Claire Shorall 26:47
Yeah, have a short memory.

Chacho Valadez 26:49
There we go. Yeah, I

Claire Shorall 26:50
never tried to make up things that I miss. So this is my current plan, I realized that this is a podcast, so other people can’t see it. But I have missed three days in eight weeks. And I have them circled. But none of them were made up and it’s fine. I’m exactly where I need to be. Because on those days, nothing productive was going to happen.

Chacho Valadez 27:08
Right? It’s like life happens. And that needs to be okay. And I think too, we don’t under, like, I know, I understand. I underestimate the amount of stress, like how much stress affects your running, and how it negatively affects it a lot. And so going back to your point on having it be a joyful experience that is so so important.

Yeah, yeah. You know, I’ll have to stress now.

Chacho Valadez 27:36
Speaking of joyful, if you had to listen to one song on repeat, let’s say for an hour run, what would it be? It’s a one song. You can’t No, no, you can’t be two songs.

Claire Shorall 27:49
And this would not be a joyful experience for me. Okay. Let’s see, I Okay, I know that you said it can’t be two songs, but I’m gonna I’m gonna select this and say, if it was a run, I would want something melodic and sort of repetitive, easy listening. Maybe like, by Stevie Wonder. Just actually, and and I like that answer, because that sounds like long and so I wouldn’t have to hear that. Right, right. Yeah, just definitely something that’s like low key chillin in the back. I had to race for an hour and I only had one song, for sure. It would be Deborah Cox’s, nobody’s supposed to be here dance remix, because honestly, anything on dragons five, just I rock it out like a cannon. Yeah, but let’s, let’s say that repetitive stuff is not that’s not my go to.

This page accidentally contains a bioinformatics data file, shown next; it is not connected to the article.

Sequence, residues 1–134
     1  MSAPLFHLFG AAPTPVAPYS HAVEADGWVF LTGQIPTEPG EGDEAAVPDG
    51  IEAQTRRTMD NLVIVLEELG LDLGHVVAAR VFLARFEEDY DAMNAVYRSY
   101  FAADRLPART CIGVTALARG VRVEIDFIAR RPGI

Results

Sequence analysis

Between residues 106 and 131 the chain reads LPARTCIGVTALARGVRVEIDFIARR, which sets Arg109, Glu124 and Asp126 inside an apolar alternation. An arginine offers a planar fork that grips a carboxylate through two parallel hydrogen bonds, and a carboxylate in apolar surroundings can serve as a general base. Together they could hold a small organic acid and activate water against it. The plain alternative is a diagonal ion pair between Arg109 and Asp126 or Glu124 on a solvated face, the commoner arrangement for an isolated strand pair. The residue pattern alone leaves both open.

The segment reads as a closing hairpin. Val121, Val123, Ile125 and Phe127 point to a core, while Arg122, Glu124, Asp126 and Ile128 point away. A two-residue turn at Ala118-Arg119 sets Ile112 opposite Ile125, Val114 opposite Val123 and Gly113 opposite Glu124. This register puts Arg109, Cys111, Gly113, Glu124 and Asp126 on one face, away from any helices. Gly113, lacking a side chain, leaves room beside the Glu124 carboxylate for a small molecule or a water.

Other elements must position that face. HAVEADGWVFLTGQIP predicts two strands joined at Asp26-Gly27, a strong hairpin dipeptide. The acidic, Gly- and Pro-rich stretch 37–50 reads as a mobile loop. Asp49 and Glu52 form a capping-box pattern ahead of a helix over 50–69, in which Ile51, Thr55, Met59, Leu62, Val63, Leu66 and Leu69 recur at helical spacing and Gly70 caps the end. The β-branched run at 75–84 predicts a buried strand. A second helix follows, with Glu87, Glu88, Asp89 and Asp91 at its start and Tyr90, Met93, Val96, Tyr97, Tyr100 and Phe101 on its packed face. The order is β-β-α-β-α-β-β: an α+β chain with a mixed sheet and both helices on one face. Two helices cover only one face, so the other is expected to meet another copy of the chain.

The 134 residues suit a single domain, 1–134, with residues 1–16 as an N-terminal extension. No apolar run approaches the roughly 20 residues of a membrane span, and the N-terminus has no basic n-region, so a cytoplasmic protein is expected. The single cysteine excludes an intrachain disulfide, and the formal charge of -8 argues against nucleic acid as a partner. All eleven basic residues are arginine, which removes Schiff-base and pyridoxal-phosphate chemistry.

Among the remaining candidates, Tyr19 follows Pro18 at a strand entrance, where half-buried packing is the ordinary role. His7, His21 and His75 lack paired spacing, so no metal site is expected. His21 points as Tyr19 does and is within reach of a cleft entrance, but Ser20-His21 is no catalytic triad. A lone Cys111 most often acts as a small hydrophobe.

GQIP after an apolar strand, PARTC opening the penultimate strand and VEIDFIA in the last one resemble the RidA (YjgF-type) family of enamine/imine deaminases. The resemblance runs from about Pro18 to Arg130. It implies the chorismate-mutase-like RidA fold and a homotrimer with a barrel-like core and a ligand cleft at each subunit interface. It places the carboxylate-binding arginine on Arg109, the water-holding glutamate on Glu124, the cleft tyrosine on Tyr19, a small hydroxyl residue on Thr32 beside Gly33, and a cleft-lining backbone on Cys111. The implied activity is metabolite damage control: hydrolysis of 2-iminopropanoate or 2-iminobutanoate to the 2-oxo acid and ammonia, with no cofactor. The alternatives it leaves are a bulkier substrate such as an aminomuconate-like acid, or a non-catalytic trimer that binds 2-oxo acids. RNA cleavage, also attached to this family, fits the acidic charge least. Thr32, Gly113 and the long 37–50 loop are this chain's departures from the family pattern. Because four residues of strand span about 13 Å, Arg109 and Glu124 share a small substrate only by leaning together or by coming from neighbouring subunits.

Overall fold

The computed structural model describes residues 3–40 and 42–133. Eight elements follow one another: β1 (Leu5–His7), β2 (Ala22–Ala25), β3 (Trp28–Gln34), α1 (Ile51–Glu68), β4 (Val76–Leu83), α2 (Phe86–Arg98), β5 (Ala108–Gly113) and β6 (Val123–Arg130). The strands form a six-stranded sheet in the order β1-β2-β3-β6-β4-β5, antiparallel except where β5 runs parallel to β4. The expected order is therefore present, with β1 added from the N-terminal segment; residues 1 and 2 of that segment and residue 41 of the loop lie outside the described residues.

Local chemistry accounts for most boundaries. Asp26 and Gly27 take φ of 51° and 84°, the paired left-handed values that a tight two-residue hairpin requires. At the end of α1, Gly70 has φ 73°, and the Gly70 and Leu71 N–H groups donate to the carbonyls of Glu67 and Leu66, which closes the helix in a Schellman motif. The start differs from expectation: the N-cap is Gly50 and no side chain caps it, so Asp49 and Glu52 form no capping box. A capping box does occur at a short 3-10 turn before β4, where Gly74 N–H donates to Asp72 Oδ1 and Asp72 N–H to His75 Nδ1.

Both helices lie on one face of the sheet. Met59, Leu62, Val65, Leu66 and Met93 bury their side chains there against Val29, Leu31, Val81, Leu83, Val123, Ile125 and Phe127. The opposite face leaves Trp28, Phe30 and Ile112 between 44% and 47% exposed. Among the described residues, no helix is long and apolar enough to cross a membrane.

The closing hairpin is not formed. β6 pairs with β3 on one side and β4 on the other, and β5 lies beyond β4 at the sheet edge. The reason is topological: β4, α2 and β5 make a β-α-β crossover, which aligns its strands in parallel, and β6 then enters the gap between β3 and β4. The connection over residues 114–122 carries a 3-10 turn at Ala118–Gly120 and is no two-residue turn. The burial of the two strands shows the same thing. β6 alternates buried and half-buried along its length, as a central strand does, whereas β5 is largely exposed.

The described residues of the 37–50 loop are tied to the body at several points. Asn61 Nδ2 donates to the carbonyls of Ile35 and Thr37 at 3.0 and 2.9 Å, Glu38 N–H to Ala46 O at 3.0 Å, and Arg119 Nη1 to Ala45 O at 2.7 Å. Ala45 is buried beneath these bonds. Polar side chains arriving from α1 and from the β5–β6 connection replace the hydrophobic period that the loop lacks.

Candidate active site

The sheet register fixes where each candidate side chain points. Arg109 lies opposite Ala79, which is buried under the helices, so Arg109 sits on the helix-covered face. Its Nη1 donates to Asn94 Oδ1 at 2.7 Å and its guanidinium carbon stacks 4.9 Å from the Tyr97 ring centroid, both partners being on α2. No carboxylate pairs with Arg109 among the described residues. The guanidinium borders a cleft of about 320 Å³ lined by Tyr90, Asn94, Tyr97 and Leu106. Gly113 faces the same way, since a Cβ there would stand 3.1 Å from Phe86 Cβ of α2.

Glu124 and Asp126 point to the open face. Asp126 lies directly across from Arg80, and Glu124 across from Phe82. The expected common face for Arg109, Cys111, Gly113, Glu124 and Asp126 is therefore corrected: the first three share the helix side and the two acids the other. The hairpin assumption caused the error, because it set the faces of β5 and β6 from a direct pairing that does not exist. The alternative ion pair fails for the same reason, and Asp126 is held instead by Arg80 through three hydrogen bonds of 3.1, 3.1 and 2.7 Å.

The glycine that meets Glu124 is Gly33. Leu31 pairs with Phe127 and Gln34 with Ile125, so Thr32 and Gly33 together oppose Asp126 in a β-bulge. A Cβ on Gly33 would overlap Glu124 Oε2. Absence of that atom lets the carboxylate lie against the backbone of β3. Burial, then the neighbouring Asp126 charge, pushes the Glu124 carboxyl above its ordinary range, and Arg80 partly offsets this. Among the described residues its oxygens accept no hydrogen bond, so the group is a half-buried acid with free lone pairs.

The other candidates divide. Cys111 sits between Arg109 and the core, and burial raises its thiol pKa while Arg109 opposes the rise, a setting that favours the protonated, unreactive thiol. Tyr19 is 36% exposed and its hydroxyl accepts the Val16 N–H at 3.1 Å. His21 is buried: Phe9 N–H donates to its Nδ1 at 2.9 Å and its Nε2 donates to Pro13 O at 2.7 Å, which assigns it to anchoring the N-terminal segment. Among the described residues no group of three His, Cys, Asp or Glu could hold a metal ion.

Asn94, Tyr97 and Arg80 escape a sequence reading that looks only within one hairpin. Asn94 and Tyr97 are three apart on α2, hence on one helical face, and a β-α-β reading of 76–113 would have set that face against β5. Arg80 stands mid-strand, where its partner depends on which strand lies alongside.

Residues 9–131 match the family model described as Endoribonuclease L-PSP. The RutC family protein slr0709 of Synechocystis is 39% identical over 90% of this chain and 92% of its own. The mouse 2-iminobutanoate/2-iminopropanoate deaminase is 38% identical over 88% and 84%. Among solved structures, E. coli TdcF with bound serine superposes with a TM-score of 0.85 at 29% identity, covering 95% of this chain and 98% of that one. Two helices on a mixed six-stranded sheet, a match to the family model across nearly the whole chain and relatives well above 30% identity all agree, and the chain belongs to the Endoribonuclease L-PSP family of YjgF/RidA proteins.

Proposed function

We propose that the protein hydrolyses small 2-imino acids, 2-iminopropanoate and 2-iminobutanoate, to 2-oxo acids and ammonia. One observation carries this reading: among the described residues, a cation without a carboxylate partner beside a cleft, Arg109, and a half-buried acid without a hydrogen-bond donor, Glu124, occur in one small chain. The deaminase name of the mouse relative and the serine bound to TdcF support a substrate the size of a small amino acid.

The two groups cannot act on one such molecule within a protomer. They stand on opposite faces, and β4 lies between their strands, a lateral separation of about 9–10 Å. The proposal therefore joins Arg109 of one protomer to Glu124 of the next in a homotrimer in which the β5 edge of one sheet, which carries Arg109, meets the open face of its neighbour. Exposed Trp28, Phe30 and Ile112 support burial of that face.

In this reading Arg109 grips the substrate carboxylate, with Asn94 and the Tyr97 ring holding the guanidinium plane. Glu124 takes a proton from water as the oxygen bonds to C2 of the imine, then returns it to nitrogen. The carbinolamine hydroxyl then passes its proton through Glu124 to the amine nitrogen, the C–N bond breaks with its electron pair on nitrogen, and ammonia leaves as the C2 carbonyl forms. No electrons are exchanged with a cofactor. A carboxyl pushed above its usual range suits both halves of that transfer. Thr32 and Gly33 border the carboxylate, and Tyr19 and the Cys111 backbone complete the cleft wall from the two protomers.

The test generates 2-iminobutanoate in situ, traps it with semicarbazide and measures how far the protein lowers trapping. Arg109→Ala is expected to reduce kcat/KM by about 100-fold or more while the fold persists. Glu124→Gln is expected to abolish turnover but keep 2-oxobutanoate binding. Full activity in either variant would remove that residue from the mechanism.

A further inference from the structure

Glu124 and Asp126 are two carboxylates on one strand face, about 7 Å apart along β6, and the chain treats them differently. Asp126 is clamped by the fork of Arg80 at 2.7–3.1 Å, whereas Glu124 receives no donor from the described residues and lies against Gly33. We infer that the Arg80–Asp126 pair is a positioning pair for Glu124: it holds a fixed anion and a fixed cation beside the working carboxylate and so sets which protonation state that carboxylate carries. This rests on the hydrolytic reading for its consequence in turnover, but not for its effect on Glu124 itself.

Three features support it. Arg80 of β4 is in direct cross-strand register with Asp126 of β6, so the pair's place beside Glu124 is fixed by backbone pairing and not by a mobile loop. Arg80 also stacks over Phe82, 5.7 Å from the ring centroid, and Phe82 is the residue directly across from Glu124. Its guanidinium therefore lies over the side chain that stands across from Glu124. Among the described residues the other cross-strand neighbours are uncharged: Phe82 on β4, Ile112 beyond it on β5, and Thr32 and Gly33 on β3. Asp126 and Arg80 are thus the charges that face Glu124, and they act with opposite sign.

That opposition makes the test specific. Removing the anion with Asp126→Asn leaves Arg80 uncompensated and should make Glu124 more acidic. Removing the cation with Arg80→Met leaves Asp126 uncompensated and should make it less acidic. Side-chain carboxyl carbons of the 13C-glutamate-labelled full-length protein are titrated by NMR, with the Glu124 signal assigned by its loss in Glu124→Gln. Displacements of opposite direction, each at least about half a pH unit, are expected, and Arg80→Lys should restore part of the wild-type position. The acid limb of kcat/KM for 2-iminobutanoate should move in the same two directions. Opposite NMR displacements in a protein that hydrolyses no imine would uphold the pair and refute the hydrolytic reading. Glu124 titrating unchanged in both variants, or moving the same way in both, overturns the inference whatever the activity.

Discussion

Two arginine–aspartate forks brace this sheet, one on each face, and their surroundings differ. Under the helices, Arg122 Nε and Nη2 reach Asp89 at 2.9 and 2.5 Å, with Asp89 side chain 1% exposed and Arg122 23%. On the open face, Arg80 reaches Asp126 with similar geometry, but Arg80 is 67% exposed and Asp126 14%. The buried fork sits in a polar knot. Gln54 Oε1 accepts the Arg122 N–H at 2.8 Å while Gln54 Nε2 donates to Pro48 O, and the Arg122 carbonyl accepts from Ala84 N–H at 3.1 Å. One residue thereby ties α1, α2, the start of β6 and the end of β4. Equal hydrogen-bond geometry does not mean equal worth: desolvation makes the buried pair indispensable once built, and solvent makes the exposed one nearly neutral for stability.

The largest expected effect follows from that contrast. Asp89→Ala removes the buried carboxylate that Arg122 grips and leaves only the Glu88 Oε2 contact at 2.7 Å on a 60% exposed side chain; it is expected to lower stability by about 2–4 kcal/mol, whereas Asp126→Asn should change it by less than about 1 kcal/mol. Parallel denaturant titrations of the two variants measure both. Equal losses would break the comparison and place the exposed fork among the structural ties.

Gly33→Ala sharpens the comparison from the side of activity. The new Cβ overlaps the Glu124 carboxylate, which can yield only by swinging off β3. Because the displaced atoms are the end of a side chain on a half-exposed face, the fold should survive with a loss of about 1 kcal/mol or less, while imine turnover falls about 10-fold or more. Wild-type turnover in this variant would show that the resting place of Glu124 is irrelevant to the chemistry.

Chacho Valadez 28:52
Besides running. Yeah.

Claire Shorall 28:55
Yeah, I actually mostly listen to podcasts. Because when I’m running to music, I find it much harder for me to be conscious of the effort I’m giving and the pace and I sort of like to save it for for harder efforts where like, I’m just going, oh, yeah, music is not actually what I listened to most it’s it’s mostly either just the world out there as it is, or were some just really boring podcasts and not content wise. Not boring, but like, there’s no music to it. Sure, right. Yeah, I

Chacho Valadez 29:32